Boxelder Bugs

Boxelder bugs are classified as “occasional invaders,” (rarely a constant issue, showing up when you least expect them).

Boxelder bugs are ½ inch long and have an elongated, oval shape. They are mostly black with red wing veins and markings on the abdomen. The inside of your home is not an ideal habitat, but since they don’t overwinter well outside, they will hibernate inside wall voids or behind siding. Sometimes your heating system may wake them, causing them to become a major nuisance and their feces can also cause red stains on curtains and furniture, adding to your headache.

When the weather warms up in late April or early May, the adults will leave your home and fly back to their host tree (a seed-bearing Boxelder tree so they can feed on its seeds; but, can also feed on apple, plum or maple trees). During the spring, they are rarely a problem; however in autumn, the adults will congregate on the South side of rocks, trees, and buildings where the sun is warm. Once a large enough number have gathered, they will fly towards a nearby building to hibernate.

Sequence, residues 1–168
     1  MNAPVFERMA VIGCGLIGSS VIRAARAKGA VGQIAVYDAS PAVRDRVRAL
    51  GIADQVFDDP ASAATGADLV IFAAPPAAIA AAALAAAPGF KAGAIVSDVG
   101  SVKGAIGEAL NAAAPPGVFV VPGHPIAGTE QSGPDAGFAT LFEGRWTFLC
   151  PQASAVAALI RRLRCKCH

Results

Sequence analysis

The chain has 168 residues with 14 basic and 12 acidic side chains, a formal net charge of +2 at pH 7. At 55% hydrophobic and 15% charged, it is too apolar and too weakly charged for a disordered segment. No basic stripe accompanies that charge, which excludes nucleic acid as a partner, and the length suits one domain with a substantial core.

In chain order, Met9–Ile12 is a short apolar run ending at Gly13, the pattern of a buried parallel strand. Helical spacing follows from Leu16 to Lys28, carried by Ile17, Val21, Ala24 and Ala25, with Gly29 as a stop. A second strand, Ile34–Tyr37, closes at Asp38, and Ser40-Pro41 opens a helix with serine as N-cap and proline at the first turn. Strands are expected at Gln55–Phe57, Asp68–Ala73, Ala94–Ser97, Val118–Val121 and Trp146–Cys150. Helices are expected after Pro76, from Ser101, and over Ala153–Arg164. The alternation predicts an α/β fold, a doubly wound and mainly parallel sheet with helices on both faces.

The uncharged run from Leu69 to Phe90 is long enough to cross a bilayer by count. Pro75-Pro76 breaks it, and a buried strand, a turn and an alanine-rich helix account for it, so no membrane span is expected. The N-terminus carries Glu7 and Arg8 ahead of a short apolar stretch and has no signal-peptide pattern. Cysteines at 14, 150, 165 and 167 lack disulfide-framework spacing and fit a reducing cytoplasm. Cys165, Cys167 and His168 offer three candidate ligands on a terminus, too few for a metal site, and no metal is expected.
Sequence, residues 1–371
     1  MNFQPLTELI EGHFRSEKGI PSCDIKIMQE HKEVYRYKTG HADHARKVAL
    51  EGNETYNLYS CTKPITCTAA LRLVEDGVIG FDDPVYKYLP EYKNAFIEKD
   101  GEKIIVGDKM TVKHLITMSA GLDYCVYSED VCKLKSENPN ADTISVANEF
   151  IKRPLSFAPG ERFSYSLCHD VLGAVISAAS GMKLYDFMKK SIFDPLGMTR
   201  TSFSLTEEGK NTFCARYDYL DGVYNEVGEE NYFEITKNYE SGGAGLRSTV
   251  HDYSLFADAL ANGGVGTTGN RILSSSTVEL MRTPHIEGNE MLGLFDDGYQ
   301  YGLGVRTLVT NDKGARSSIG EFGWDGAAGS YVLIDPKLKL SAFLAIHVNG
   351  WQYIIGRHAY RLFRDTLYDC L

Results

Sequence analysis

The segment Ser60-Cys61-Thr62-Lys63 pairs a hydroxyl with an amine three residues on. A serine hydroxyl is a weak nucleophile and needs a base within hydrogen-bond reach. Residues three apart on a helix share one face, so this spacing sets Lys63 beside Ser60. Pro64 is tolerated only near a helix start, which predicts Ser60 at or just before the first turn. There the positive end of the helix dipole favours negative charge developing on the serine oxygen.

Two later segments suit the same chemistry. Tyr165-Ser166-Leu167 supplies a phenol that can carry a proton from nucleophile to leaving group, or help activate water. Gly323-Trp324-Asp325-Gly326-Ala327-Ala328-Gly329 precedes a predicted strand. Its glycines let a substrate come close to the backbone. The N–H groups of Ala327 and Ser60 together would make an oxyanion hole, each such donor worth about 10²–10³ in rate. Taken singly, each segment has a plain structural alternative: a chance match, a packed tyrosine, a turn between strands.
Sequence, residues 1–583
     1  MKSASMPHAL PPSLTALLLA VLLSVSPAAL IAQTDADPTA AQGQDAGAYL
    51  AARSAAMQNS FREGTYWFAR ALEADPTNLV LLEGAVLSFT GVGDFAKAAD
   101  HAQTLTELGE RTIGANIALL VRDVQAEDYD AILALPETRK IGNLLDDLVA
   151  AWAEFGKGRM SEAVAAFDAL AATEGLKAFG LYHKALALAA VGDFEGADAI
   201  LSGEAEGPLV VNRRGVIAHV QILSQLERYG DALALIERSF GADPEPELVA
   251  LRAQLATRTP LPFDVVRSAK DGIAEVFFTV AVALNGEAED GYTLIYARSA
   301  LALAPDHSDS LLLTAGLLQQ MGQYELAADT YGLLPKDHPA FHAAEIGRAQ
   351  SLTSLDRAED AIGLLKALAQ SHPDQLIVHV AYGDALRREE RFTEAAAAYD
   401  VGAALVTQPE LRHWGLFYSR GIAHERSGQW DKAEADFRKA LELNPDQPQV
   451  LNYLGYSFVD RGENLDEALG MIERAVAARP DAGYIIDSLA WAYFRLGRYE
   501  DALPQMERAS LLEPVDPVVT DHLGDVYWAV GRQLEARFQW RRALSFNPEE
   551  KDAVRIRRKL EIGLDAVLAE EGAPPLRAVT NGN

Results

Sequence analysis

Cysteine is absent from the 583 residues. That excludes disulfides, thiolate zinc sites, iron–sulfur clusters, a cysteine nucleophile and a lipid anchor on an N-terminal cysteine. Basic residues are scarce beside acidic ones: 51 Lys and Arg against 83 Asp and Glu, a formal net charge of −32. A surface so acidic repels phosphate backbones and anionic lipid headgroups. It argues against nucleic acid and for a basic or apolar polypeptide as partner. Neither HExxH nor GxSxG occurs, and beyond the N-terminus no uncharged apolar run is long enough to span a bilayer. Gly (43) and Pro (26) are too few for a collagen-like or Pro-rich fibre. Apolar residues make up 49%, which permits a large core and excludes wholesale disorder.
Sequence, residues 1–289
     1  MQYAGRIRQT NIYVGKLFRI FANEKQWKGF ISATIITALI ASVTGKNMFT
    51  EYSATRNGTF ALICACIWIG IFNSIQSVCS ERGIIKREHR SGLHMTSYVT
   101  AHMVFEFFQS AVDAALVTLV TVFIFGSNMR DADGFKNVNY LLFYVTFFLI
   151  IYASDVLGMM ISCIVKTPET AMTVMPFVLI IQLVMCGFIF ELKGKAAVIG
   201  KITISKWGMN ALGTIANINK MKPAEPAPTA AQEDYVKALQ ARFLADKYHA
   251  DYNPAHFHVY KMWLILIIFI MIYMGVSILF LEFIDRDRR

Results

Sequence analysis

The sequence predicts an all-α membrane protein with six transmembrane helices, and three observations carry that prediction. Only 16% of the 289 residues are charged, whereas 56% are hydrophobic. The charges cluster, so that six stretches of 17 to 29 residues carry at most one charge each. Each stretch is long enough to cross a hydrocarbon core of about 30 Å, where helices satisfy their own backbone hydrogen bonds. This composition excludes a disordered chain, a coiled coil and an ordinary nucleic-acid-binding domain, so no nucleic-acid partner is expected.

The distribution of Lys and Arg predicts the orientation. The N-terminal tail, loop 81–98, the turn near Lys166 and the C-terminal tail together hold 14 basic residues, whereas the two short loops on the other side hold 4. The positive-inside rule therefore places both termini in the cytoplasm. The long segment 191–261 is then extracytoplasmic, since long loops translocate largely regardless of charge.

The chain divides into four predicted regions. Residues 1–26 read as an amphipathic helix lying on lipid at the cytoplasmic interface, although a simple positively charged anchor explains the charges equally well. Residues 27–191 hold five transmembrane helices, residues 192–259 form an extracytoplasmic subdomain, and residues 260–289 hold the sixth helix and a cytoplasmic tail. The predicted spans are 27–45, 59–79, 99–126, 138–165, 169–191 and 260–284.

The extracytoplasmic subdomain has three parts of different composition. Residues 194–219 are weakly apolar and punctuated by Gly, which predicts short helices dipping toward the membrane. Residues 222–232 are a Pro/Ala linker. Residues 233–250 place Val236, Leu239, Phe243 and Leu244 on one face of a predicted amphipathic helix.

If you see a Boxelder bug in your home, your immediate reaction may be to grab the nearest shoe, but don’t. Refrain! The Boxelder bugs emit a very unpleasant smell. The best course of action to take is to grab a vacuum and suck them up. However, killing Boxelder bugs inside your walls can attract the Dermestid Beetles who feed on the decaying bodies of dead Boxelder Bugs. Instead, continue to vacuum vigilantly and wait until June or July, when Boxelder bugs leave your home then take preventive measures outside.

The best thing you can do to reduce Boxelder bug issues is exclusion (eliminating entryways). While it is impossible to close every entryway, you can take measures to greatly reduce your problem. First, screen all vents on the outside of your home with 16-mesh screening. Areas of major concern include; roofs, overhangs, and weep-holes in brick buildings. Next, use a silicone-based caulking and seal around cable entrances, windows, doors, overhangs, fascia boards, etc. (basically any area with a gap that bugs can get through). Not all insects require a chemical treatment; sometimes, a little bit of TLC is enough.